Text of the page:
The NGO is satisfied with Morocco’s achievements in the environmental sector, but believes authorities should be more “transparent” about the danger of air pollution, based on data.
Rabat – International NGO Greenpeace MENA issued the outcomes of its global report “Toxic Air: The Real Cost of Fossil Fuels” featuring Morocco within a lengthy list of countries that suffer relatively high estimated numbers of deaths annually due to air pollution.
The report stipulates that Morocco is one of the countries with the highest estimated number of related deaths per year, 5,100 in 2018, in the MENA region. Morocco ranks after Egypt, the top on the list for air pollution-related deaths.
The numbers of deaths related to air pollution in Algeria and Tunisia are estimated at 3,000 and 2,100 respectively, the report shows.
Commenting on the results and the economic impact that accompanies the health impact, a campaign manager at Greenpeace MENA, Mohammed Tazrouti, said Morocco suffers serious problems that threaten both health and “pocket of every Moroccan citizen.”
He acknowledged that the country, however, plays an important role in combating the climate crisis through its “ambitious commitments in the renewable energy sector.”
Morocco has positioned itself a leader in the renewable energy sector, receiving positive feedback on its approach internationally.
Some recent praise came from the African Development Bank (AfDB), which said Morocco has been playing an important role in Africa’s energy transition with its Noor Ouarzazate solar complex. It is the largest concentrated solar power (CSP) complex in the world.
As a long term project, Morocco seeks to generate 52% of its energy from renewables by 2030.
Despite leading in renewables, coal poses a serious threat to Morocco
Tazrouti, however, criticized the country for using coal as the “main source of electricity production with a high rate reaching around 50%.”
A 2020 study from the King Abdullah Center for Petroleum Studies and Research found out that the production of coal in Morocco represents a lever in the electricity sector.
Coal dominates the country’s electricity generation capacity with 58% of power production in 2016, according to the study.
Coal is followed by natural gas with 20% and oil with 10% in the 2016 report.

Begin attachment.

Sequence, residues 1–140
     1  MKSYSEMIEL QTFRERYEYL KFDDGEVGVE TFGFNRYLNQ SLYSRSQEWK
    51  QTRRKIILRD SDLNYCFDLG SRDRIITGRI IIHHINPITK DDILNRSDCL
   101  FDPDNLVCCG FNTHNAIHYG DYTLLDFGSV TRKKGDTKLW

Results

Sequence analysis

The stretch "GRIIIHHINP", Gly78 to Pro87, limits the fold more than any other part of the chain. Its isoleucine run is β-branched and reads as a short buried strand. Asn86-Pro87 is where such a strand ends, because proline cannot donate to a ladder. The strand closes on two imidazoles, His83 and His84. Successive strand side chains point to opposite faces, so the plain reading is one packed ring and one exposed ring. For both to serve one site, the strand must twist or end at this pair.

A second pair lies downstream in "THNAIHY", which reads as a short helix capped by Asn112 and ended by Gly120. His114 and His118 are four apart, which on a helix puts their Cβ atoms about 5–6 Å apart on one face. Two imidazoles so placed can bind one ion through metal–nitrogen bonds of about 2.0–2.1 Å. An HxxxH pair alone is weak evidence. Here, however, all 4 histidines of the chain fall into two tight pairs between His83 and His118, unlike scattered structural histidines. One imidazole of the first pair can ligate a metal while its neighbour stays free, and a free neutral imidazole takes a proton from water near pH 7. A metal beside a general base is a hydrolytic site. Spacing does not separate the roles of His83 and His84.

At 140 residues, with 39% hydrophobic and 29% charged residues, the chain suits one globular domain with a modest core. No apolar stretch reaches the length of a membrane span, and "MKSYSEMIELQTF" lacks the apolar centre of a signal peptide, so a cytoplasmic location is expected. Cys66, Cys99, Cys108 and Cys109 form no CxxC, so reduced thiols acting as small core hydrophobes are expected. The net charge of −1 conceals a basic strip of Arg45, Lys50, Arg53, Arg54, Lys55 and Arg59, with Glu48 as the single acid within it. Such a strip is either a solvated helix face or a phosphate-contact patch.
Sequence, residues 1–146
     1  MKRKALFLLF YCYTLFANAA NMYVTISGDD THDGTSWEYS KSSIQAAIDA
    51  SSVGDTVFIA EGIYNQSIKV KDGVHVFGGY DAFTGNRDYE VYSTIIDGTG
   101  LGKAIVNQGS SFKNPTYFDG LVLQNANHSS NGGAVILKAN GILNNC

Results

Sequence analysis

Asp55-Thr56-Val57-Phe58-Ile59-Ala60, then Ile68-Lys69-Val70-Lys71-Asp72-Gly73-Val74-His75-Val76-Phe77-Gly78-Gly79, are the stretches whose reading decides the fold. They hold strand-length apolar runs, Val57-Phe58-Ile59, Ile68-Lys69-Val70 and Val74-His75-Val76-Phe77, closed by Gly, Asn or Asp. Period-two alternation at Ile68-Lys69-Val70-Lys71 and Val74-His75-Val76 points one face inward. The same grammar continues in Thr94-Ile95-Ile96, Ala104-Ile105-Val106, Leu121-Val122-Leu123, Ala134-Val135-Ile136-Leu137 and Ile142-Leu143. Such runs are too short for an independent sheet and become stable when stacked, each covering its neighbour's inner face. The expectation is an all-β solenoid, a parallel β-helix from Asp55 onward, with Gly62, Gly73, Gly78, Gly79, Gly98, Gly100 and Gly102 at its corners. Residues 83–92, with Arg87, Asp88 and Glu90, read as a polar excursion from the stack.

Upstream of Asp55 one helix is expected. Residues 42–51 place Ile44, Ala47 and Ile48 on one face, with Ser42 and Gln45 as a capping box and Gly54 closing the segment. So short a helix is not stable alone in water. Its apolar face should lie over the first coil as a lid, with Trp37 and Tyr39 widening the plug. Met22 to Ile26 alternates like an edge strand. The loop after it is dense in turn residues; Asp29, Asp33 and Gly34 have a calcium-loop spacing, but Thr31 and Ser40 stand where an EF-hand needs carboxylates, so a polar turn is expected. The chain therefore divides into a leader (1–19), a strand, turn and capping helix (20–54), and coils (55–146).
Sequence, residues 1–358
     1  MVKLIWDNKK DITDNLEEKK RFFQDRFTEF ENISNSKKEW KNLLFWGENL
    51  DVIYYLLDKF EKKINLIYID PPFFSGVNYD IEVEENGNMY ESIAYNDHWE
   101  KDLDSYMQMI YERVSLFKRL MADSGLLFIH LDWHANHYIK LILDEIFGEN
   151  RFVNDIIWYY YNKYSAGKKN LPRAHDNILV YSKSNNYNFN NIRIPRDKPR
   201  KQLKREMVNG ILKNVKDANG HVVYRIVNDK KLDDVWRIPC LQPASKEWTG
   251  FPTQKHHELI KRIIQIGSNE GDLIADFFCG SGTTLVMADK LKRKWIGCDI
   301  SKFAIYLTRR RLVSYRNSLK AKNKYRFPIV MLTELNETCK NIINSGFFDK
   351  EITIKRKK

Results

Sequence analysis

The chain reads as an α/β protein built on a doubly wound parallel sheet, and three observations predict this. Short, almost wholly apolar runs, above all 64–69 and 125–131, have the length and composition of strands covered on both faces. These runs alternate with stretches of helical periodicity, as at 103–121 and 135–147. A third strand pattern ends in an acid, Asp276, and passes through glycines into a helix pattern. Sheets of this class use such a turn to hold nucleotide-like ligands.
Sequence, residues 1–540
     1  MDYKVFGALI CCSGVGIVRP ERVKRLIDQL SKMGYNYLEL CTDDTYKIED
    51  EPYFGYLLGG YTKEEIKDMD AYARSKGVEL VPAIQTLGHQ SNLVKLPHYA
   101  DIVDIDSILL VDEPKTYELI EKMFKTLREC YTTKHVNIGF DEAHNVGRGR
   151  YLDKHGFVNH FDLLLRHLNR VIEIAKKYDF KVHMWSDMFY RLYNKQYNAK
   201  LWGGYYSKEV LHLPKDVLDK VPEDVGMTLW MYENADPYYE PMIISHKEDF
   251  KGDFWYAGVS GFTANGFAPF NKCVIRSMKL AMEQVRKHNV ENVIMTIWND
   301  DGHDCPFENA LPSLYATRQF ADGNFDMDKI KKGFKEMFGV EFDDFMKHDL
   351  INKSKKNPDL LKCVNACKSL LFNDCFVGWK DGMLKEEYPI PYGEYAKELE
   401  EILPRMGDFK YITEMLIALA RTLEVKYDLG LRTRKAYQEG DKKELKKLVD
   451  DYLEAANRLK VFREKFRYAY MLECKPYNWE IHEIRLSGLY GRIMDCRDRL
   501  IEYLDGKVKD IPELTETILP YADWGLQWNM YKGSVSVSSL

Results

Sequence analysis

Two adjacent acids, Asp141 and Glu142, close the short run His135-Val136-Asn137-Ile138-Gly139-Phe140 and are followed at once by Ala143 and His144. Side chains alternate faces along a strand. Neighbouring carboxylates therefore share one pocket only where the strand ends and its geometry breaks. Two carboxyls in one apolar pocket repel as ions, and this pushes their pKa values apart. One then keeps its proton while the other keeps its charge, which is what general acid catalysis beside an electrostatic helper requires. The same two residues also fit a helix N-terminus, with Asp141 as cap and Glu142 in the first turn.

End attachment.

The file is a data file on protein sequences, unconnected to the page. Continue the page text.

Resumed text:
The Greenpeace MENA campaign leader expressed negative remarks on coal, stating that the material is “one of the most polluting fuels.”
Coal produces “toxic pollutants that cause chronic illnesses, such as heart disease, diabetes, chronic obstructive pulmonary disease, and lung cancer,” Tazrouti said.
A study from West Virginia University Health Sciences Center backs Tazrouti’s argument.
The summary of the study shows that residents of coal-mining communities “complained of impaired health.” The study aligns with wide international consensus that coal is a dangerous source of energy in terms of both environmental and human health.
Tazrouti said coal pollution-related respiratory illnesses make “us more vulnerable to infections by respiratory viruses like COVID-19.”
A recent study conducted by researchers from the Harvard T.H. Chan School of Public Health backed up this assertion, finding that communities suffering relatively high levels of air pollution in the US witnessed higher death rates from COVID-19 than those with lower levels of air pollution.
Air pollution costs Morocco’s economy
The Greenpeace MENA report said that the average annual cost Morocco suffers due to air pollution caused by fossil fuel emissions is estimated at 0.9% of its GDP, or $1.1 billion (MAD 11 billion) annually.
Tunisia loses $400 million per year, while Algeria loses $840 million annually, representing 0.5% of its GDP.
“Air pollution is not only a health crisis, but also an economic crisis. At a time when the economy of our country is going through a crisis due to coronavirus, we must learn from what happened at this stage, such as the importance of investing in projects that benefit people and the environment.”
Tazrouti said Morocco has made great achievements in terms of renewable energies, and the NGO is convinced that Morocco would do well to draw up an ambitious plan to “phase out dirty coal gradually and instead invest in renewable, clean and healthy energes.”
He said the “best way to solve the problem is to start recognizing it.”
The NGO also asked the government to show more transparency regarding air pollution, providing data accessible for the public.